Rush Of Memories

I was bored out of my mind for most of 1981.

It was Grade 11 and I had some good friends, but high school was pretty much a loss for me. French class was good, but, basically, I got through high school thanks to an underground newspaper I was part of. It was a beta version of with some liberation theology and Solidarnosc theory thrown in. It got our editor-in-chief thrown out.

And Rush.

Rush got me through.

My buddy Bruce, whose passion for I forget her name was matched only by his devotion to Neil Peart, installed me in the mysteries of the Willowdale power trio. We were the only Rush fans I knew of. Kind of a secret society. In his basement (he lived down the lane from us in Delwood, which was then a frontier neighbourhood in northeast Edmonton) we listened to this band that sounded like nothing else. Duran Duran was singing to Rio with rhymes you could predict (sand, land, can, Rio Grande), while Rush was asking me to consider the men who hold high places and the ontological status of change, free will, seeming and being—and a Red Barchetta.

They were from Canada, even though in those days Toronto (YYZ) and Lakeside Park were as exotic as Alex Lifeson's guitar language. Geddy Lee's voice was a jet. Peart brought a syncopated message from a realm we didn't know existed.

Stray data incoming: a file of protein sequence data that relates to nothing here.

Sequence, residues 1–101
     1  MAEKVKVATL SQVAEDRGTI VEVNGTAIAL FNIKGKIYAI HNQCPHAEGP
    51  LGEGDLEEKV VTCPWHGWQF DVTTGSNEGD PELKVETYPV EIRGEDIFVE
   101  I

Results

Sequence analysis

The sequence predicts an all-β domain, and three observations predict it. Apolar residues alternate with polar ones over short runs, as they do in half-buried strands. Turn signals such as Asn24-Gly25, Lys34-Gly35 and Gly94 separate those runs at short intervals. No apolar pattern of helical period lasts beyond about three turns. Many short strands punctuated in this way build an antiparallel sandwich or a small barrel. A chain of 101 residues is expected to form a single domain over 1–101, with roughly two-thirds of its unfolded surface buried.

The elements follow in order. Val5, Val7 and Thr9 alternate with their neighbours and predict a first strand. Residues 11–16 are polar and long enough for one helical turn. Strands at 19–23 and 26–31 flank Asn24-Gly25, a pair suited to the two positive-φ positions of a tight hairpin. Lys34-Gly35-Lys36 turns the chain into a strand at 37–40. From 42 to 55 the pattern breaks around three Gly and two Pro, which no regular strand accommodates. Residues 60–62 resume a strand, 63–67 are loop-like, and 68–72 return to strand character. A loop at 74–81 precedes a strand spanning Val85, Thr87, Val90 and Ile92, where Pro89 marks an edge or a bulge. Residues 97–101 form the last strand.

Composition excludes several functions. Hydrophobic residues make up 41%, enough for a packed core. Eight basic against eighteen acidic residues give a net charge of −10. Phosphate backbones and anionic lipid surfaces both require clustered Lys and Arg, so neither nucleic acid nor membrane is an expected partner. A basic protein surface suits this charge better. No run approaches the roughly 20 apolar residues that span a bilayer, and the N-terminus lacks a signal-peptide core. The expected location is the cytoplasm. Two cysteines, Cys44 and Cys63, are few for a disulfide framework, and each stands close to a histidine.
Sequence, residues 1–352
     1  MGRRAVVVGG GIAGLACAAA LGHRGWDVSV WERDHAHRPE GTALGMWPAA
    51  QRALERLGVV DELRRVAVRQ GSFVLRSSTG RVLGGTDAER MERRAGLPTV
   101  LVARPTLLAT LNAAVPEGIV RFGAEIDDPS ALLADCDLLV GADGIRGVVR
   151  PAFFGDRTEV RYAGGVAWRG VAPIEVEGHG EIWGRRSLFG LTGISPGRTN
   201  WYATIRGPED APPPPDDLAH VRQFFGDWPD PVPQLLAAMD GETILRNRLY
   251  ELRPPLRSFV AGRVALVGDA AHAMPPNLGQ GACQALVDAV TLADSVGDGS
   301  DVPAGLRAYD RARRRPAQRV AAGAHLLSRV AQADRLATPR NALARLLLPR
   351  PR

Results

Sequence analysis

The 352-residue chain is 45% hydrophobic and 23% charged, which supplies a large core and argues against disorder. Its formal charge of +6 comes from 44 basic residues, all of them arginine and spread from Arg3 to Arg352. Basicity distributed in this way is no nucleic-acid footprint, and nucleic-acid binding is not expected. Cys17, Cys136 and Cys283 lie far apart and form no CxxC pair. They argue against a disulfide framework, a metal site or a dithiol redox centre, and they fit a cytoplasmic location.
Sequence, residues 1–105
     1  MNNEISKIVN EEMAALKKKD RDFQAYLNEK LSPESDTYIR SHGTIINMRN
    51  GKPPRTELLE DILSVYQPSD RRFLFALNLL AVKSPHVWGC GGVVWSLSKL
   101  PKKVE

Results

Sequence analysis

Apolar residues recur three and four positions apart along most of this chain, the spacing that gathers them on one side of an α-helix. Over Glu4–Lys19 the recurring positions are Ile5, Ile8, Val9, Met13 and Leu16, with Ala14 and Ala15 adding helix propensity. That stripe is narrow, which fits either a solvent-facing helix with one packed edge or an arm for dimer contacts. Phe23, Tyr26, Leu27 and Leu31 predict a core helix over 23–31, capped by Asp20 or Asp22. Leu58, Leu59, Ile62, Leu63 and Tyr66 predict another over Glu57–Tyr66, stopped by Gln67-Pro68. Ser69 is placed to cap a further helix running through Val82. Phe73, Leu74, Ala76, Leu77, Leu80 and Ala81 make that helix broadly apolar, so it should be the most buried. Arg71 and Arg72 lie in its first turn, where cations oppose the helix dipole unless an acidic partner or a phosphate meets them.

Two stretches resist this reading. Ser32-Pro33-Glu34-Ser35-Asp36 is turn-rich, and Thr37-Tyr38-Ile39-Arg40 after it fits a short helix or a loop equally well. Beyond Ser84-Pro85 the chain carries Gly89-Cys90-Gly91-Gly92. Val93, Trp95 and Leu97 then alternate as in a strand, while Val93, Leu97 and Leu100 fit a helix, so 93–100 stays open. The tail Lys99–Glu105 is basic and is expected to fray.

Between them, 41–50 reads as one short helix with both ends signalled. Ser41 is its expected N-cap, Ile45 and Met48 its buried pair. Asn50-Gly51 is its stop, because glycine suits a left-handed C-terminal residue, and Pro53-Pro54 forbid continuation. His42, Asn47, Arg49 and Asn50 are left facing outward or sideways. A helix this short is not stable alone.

We recognized the analog kid.
You move me
You move me
With your buildings and your eyes
Autumn woods and winter skies
You move me
You move me
Open sea and city lights
Busy streets and dizzy heights
One of my treasured, ephemeral-yet-enduring memories of being in Canada was driving with a friend up from Montreal to Lac Nominingue. We passed Morin Heights. I somehow knew enough to know that in those stands of maple, birch and beech was Le Studio and that's where so much Rush music was recorded and sent out in a beam of limelight to they couldn't know who.

I don't know why Rush is back in my head and heart these days. They're more of a pop culture phenomenon, for sure. They are now in the Rock and Roll Hall of Fame. I think often about those Delwood days and the sources of resistance we summoned while adult life presented itself so unspectacularly.

But they still speak to me. What I have learned since about the complexity and the simplicity on the other side of the complexity of life I still hear in their music.

And before I had ever glimpsed Greece in my university years, they gave me:

Changes aren't permanent
But change is.

I saw them live once, with my buddy Murray, at the Coliseum. They had rotisserie chickens in big cookers at the front of the stage.

Thanks, Brucey. Thanks, Murr. Thanks, Rush.


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